Loading presentation...

Present Remotely

Send the link below via email or IM


Present to your audience

Start remote presentation

  • Invited audience members will follow you as you navigate and present
  • People invited to a presentation do not need a Prezi account
  • This link expires 10 minutes after you close the presentation
  • A maximum of 30 users can follow your presentation
  • Learn more about this feature in our knowledge base article

Do you really want to delete this prezi?

Neither you, nor the coeditors you shared it with will be able to recover it again.


The fabric of English civil justice

No description

Jeremy Marshall

on 13 February 2014

Comments (0)

Please log in to add your comment.

Report abuse

Transcript of The fabric of English civil justice

Mostly civil, but not all; mostly principles, but some detail
The English Trial Process
The "Trial"
All is not well...
The "Overriding Objective"
Case management
What is the nature of the English trial system?

What are the overriding principles at play
How do they affect specific rules/processes?

Civil Procedure Post 1997
Let's look at a few procedures and rules....
Some general principles
Sir Jack Jacob "The Fabric of English Civil Justice" Hamlyn Lecture
You know what I mean by "trial"?
What are the characteristics which
"define" this process? Why the funky cartoon?
Woolf Reports (interim and final)
- cost and delay a major issue
"These Rules are a new procedural code with the overriding objective of enabling the court to deal with cases justly"
Bye-bye to "party control" and "party progress"?
1987 - 1997/8

There is no "property" in a witness - no side can "own" a witness and no witness can be compelled to talk before being called to the witness box
The adversary system
Principle of orality
Principle of publicity
Trial/Pre-trial split
System of costs
Adversary system
What does this mean?
English trials are spoken events
Civil Procedure Act 1997
- paves the way for reform
Civil Procedure Rules 1998
- a new "procedural code"
"Average costs amongst the lowest value claims consistently represent more than 100% of the value of the claim...cases between £12 500 and £25 000 average costs range from 40% to 95% of the claim value...
...the present system provides higher benefits to lawyers than to their clients"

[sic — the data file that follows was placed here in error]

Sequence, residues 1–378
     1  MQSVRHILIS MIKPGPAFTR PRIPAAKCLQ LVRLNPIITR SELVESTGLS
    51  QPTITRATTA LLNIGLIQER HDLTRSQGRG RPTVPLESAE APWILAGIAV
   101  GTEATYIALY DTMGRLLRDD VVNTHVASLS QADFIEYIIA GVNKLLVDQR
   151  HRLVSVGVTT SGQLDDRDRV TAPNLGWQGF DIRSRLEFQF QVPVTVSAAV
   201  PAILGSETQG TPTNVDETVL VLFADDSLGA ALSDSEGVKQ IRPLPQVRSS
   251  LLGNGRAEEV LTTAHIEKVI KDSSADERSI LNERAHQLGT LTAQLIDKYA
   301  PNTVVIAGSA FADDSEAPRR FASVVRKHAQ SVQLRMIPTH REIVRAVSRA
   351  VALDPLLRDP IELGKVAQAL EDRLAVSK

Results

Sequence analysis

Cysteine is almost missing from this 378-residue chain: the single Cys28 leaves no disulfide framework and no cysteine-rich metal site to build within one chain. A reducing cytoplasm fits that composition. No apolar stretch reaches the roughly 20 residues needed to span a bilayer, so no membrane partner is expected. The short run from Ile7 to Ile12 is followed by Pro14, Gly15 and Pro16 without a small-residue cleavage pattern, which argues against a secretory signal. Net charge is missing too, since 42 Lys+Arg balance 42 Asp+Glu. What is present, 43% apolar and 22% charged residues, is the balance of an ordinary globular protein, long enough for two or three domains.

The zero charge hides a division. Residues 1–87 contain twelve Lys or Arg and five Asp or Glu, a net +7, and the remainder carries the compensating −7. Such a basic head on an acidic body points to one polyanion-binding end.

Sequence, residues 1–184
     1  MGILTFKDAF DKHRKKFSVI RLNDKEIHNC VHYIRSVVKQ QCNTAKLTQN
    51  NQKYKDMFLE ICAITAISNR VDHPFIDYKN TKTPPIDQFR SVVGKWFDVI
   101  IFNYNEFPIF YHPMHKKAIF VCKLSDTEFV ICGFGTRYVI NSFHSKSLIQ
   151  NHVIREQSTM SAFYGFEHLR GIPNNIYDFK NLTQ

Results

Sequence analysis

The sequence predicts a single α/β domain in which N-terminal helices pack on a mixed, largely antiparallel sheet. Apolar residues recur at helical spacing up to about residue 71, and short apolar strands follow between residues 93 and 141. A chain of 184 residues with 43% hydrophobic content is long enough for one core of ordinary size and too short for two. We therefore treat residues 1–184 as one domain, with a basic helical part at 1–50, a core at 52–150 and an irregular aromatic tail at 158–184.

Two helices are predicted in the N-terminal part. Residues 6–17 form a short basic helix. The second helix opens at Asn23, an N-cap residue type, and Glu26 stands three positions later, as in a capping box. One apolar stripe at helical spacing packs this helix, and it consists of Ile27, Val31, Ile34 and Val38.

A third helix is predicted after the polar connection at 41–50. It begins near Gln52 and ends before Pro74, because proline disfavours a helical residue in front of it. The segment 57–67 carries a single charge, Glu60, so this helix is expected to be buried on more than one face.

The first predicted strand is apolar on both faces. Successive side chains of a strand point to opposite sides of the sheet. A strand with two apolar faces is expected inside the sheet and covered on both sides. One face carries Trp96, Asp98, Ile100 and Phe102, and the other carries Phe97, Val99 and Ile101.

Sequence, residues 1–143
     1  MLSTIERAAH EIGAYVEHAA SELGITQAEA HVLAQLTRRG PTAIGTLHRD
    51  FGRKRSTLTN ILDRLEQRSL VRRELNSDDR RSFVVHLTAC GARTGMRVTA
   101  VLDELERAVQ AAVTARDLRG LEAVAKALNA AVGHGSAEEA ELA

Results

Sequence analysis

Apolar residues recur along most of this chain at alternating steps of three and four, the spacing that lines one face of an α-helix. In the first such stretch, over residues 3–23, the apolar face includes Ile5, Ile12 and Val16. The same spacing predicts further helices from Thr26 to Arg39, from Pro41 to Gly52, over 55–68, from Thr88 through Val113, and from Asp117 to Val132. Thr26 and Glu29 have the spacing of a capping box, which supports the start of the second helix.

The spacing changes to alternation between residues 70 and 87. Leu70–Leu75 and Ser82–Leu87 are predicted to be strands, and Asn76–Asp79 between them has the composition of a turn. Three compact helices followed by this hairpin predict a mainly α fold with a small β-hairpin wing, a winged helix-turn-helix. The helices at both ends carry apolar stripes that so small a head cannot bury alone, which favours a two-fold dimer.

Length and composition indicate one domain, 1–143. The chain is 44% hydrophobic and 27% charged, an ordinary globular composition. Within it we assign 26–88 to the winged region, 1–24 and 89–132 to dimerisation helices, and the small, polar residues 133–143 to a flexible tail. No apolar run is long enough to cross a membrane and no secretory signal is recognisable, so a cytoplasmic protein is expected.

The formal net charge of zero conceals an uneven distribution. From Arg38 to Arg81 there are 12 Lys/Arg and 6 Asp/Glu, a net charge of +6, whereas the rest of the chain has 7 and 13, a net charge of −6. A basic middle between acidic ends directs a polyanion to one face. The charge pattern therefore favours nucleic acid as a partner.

There will be new rules for the Civil Division of the CA, the High Court, and the county courts. A rule committee makes and changes the rules.
81 Parts with rules in each
Practice directions attached to many rules
Diminishing schedules 1 and 2
The rule against bias
The right to a fair hearing
Fair and public hearing
Within a reasonable time by an
Independent and impartial tribunal established by law
Other generally binding procedural concepts
Natural Justice
European Convention on Human Rights article 6
But the definition of justice specifically talks about cost and proportionality
The Overriding Objective affects how the court interprets all other rules and how it exercises any powers it has
It also places direct obligations on the parties
So can the courts level the playing field?
The "equality of arms" philosophy
Generally speaking, that in litigation a just outcome is more likely if each side has equal opportunities and neither has any advantage due to relative strength other than the strengths of their legal arrangements
Predates the CPR but considered the "small claims court" which became a part of the CPR - treated as authoritative on the same question under the CPR
Chilton v Saga Holidays Plc [1986]
Poor claimant = litigant in person
Rich defendant = well represented
Judge's decision to restrict cross examination of claimant by defendant's lawyers went completely against our adversary trial process and not permitted
Case management
How witnesses are used
Who can be a "party"
Public or "open" justice
The principle of orality
Current system of costs
"The court must further the overriding objective by actively managing cases" CPR r.1.4

encouraging the parties to co-operate with each other
deciding the order in which issues are to be resolved
fixing timetables or otherwise controlling the progress of the case
This has fundamentally altered the role of the judge compared to the parties - it has weakened but not destroyed the adversary nature of English trials
Track Allocation
>> Small Claims Track
>> Fast track
>> Multi Track
Not the same as "High Court or Crown Court?"
Track principally based on value of the case
The English trial is a public trial
Pre-trial - Trial split
A strict separation between preparation and the trial event
Costs "follow the event"
By giving "directions"
Different "standard" directions in each of the three tracks, varying in complexity and resulting expense e.g:
PD27 The Small Claims Track
- only 5 points
- includes "No party may rely on any report from an expert unless express permission has been granted by the court beforehand"
DIRECTIONS in this track try to make the procedure simple and less expensive in line with the principle of proportionality
- Up to £5000
- £5k to 25k
- Over £25k
Practice Direction 7A
"Proceedings (whether for damages or for a specified sum) may not be started in the High Court unless the value of the claim is more than £25,000."
The case management conference
Access this YouTube clip:
Expert witnesses